Simon’s New Music Debut

We’re having some nice rain to close out February. The great thing is that my new rain gauge is getting a workout and seems to be working just fine. It gives interesting statistics including rain rate in inches per hour, cumulative numbers for an hour, a day, a week, month and a total/total which I imagine resets at the beginning of the calendar year. The machine also properly predicted the rain in advance of it actually falling so at this point, I am really on top of all things meteorological. When Nancy says it’s too humid, I just give her the real number.

Turns out that the short freeze we had a couple days back did more damage than I first suspected. Banged the fruit trees hard enough that next season’s crop may be a no show. Now they’re predicting another cold snap for this weekend. I hate that but luckily I have held back transplanting the peppers and tomatoes so unless the corn seeds germinate in the next couple of days, I should be ok. Oops, just checked and they started germinating already – 4 days. I had been concerned that maybe the soil wasn’t warm enough to support germination. Now I have to be concerned about a cold snap forecast for this weekend.

Wednesday we went up to Gainesville to Simon’s first band concert. He decided to reprise his musical career by joining a concert band playing Alto Sax. Tom came by here on his way to Simon’s band concert and gave us a ride. We had decided to go and meet them up there but he preferred driving for us and I was just fine with that. I don’t care to drive at night, especially on that very dark, two lane road but we were going to tough it out and not miss the concert. The band he’s in is for non-music majors with a range of skill levels so we didn’t expect an evening of stirring musical performance but they were surprisingly good. The auditorium was interesting. They had preserved the old interior inside a modern facade. I’m pretty sure it was there in the original form long before I went and it’s even possible that my graduation ceremony was there. There were two orchestras and two concerts with an intermission between them. Simon’s group was second so we got to listen to both. The music was good and Simon looked great up there in a tux Tina had borrowed from Lake Mary High. We were out of there a little after 9PM and home by 10:30.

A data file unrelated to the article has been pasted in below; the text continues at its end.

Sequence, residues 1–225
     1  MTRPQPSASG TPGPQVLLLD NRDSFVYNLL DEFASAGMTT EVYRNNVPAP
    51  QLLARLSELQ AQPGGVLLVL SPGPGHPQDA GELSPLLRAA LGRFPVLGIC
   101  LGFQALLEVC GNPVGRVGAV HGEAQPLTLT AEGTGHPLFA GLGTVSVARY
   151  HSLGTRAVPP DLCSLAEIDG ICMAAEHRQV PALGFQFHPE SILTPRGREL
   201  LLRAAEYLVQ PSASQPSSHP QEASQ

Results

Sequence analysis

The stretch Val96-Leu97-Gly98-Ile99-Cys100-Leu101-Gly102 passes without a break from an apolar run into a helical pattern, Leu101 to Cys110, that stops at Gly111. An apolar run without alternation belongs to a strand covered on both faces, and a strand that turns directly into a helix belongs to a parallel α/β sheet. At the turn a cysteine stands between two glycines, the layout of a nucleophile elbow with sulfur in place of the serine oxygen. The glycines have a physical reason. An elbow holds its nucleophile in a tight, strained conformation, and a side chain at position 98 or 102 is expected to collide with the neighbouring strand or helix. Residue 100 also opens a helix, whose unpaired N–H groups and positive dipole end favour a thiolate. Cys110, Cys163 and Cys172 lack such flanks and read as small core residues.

This year’s spinach crop is the best I’ve ever grown. And, for the first time, that includes the Utah garden. I think it’s the combination of soil conditions and the near perfect weather conditions we’ve had this winter. The variety is an old classic, Bloomfield. I’ve tried this variety before without much luck so it’s not just hitting on the right variety. I’ve also put down a late planting of a variety called Donkey. It’s new (to me) but so far is coming on strong. That makes me think that I’ve finally gotten the soil right. Got a big surprise on another of our surprisingly good crop this year – beets. The surprise was in Publix when Nancy called my attention to the beet greens. A small bunch of beet greens was $3.99. I had given her quilting buddy several large bags over the past month, probably $20 worth each time. This is beef lady so that works out just fine; way, way better than pitching the greens in the compost pile, which is what I had been doing.

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